Das Capital Band



There was a time when I used to like rap. And hip-hop. I liked the attitude, the ever so often NSFW lyrics, the inherent anger and sometimes – not always, though – the wit and self-deprecation. Of course, the bass-lines and the scratching added to the experience. And I liked rappers’ willingness to collaborate with other rappers and feature them as guests on their recordings. It was like a whole different community, replete with intense, often violent, rivalry but also with a curious kind of camaraderie.

Brooklyn-based band Das Racist’s work is fresh and funky

Brooklyn-based band Das Racist’s work is fresh and funky

I liked the daredevilry of the early rappers and while I didn’t really subscribe to their deep involvement in violent crimes and drugs, all of that gave the genre an edginess that was quite appealing to me. I particularly liked the hip-hop and rap of the 1980s and 1990s, which some people classify as the “golden age of rap”. My favourite rappers from that era were Gang Starr, comprising the duo MC Guru and DJ Premier. When Guru (which stands for Gifted Unlimited Rhymes Universal) died in April 2010, I wrote about their music in Download Central. I discovered several other rappers and hip-hop artists during those years, including gangsta rappers such as N.W.A. (Niggaz With Attitude) whose early line-up included Dr Dre and Ice Cube, and the ill-fated Tupac Shakur (who was killed in a drive-by shooting in 1996 when he was just 25). Much later, when I read up on Shakur, I was pleasantly surprised to discover that he lived in a “sea of books”, avidly reading classics as well as contemporary writers.

Then, somewhere along the line, I began to get bored by the genre. The lyrics seemed to get intentionally more and more obscene and offensive and not very intelligent and the music and beats repetitive. If I did get a craving for hip-hop, and, occasionally I did, I’d just reach for some old Gang Starr albums or just listen to the commercially buffed stuff such as Jay-Z’s albums. Hip-hop and rap were over for me. Or at least, that’s what I thought.

Till last week when I accidentally discovered Das Racist. It was a song called Combination Pizza Hut and Taco Bell and I heard it streamed on an mp3 blog. It was a catchy song that is almost like a sing-along pop song with lyrics that don’t seem to mean much. Yet, it got me hooked enough to explore Das Racist who, I discovered, had an Indian connection. The Brooklyn-based band comprises Himanshu Suri and Ashok Kondabolu, who as you can guess are Indians (second-gen US-born) and their third partner is Victor Vazquez. Das Racist, I found, have two mixtape albums out for free downloads – Shut Up, Dude and Sit Down, Man. Both are nice names but the music is even better.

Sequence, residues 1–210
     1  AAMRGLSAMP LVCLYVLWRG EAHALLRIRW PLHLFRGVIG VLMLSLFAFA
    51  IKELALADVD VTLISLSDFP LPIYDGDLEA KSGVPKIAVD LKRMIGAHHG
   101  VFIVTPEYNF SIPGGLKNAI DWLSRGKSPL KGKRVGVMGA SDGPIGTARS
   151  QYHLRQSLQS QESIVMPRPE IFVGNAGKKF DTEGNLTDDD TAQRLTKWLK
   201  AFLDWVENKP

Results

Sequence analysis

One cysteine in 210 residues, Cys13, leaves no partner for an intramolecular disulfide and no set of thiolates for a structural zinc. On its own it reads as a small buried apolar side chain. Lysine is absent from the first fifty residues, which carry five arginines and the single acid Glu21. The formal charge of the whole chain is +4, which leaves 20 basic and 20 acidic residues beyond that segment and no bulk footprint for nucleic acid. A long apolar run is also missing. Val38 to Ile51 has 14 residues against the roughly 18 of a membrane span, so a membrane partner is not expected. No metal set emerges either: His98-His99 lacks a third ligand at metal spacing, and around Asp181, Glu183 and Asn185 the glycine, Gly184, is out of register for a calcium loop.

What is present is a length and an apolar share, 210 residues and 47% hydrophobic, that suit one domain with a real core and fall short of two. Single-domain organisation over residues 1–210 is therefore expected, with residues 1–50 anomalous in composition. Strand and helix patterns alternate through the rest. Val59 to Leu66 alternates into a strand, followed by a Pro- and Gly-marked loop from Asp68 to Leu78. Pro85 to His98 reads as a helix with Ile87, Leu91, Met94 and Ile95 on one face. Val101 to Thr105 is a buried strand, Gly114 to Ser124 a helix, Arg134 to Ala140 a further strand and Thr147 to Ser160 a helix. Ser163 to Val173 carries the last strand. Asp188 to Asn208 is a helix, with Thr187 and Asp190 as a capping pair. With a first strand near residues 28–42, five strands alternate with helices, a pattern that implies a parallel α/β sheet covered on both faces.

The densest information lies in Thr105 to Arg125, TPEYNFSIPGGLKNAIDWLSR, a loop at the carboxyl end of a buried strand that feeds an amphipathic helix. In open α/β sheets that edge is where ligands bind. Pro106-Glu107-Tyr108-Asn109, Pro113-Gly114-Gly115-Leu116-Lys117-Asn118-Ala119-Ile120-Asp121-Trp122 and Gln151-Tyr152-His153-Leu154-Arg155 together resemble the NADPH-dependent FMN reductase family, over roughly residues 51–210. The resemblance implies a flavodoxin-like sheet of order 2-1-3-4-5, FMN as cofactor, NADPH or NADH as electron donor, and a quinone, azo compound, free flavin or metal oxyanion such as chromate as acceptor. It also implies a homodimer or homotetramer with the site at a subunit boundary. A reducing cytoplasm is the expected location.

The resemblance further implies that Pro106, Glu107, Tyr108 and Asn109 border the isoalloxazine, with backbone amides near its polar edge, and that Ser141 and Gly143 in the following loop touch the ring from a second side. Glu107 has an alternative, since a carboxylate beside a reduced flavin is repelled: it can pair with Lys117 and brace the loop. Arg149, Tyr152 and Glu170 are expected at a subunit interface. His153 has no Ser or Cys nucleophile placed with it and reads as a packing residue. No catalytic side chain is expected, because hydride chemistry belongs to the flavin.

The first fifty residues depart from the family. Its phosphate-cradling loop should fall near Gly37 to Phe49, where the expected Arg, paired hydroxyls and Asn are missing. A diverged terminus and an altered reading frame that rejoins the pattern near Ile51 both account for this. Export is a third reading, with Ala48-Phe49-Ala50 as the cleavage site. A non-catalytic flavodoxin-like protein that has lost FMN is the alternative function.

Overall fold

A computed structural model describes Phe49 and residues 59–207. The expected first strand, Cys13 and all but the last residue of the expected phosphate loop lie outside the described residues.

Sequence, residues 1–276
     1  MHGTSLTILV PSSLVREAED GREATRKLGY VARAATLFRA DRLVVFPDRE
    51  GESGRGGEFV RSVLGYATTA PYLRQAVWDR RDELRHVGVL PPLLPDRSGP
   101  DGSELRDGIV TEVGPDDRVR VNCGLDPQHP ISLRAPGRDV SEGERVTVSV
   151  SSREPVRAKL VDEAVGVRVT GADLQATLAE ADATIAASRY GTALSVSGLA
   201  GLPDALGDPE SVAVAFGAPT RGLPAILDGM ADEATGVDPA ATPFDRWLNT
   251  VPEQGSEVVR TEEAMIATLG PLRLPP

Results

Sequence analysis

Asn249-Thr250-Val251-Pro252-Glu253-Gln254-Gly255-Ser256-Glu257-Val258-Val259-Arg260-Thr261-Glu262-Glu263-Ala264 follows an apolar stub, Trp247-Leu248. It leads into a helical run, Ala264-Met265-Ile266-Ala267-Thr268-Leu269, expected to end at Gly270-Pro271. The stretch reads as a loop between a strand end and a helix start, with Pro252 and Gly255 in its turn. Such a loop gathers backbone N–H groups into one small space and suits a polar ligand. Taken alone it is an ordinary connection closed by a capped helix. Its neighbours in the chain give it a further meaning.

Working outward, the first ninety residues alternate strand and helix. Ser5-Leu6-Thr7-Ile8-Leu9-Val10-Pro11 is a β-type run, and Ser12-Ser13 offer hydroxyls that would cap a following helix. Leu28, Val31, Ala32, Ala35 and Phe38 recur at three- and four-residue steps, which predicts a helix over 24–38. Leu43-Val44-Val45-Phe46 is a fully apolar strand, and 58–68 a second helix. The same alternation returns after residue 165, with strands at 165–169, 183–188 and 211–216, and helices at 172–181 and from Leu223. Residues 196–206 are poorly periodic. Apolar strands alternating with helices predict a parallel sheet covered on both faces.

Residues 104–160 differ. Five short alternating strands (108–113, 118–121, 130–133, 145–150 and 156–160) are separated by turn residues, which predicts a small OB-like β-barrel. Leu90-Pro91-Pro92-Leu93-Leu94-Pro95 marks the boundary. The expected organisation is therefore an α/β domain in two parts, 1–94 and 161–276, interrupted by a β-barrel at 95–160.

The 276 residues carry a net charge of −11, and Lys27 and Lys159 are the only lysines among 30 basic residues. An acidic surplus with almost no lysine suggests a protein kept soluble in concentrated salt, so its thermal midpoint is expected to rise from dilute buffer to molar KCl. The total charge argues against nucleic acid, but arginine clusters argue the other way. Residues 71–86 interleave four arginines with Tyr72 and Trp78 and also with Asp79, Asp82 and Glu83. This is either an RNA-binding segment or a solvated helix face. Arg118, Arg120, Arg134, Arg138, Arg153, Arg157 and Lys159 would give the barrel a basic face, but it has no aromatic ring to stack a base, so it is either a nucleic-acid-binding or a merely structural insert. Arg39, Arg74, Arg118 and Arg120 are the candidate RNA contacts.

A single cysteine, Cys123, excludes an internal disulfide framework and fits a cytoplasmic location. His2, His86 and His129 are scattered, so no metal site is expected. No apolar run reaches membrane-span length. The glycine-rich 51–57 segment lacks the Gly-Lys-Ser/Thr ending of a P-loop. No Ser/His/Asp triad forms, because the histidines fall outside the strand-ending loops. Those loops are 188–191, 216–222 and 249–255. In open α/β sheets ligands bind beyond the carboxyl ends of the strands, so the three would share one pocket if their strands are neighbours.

The ’80s-’90s was the ‘golden age of rap’, during which I discovered rap and hip-hop artists like Ice Cube (left), Dr Dre (centre) and Tupac Shakur

The ’80s-’90s was the ‘golden age of rap’, during which I discovered rap and hip-hop artists like Ice Cube (left), Dr Dre (centre) and Tupac Shakur

The first thing that struck me about Das Racist’s work is the great recording and production quality. The second was the fresh funkiness of their songs, which have witty and intelligent lyrics and a great contemporary feel to them. You’ll get references to Google and Wikipedia; to US as well as international politics; and, of course, to racism. You’ll find Himanshu “Heem” Suri referring to his Punjabi roots and in one delightful track on Sit Down, Man called Rapping 2 U, a reference to the money that the Ambani brothers have!

Das Racist take digs at a whole host of things – fashion parties, so-called smartness in a smartphone-internet-driven age and even at rappers themselves. In Fake Patois off Shut Up, Dude, they make fun of Jay-Z and Jim Carrey and other artists. Best of all, Das Racist are able to do hip-hop in a refreshingly likeable way without ever resorting to gratuitous use of obscenities or references to drugs and sex. Of course, there are references to smoking weed and, as a friend who heard me play some of their tracks said, theirs is “spliff” music but that’s only incidental. For me, Das Racist came as a cool second wind, reviving my interest in a genre that I’d all but given up hope on.

The Best of 2010
Yes, as expected, everyone, magazines, websites and blogs, have all done their best albums list for the past year. But here are the lists that I like best.
PopMatters: While this respected critique of all things pop has a fine list of 2010’s best indie rock bands, check out their other lists, including the one on the best live albums of 2010.
NME: New Musical Express is a British magazine that is nearly 50 years old. Check out their list of the decade’s top 100 albums. It’s a long list, complete with videos.
Pitchfork: Snooty Pitchfork’s list of top 50 albums of last year and the top 100 tracks will give you lots to talk about, while keeping your nose in the air.
Aquarium Drunkard: One of my favourite mp3 blogs didn’t do a list but did a superb year in review post about 2010. Nice.
Stereogum: If you’re too lazy to go to individual sites, go to Stereogum’s lists section and check out lists of 2010’s best, according to a host of publications, including SPIN magazine, Rolling Stone, and, of course, Stereogum’s own list of 50 best albums of the year.

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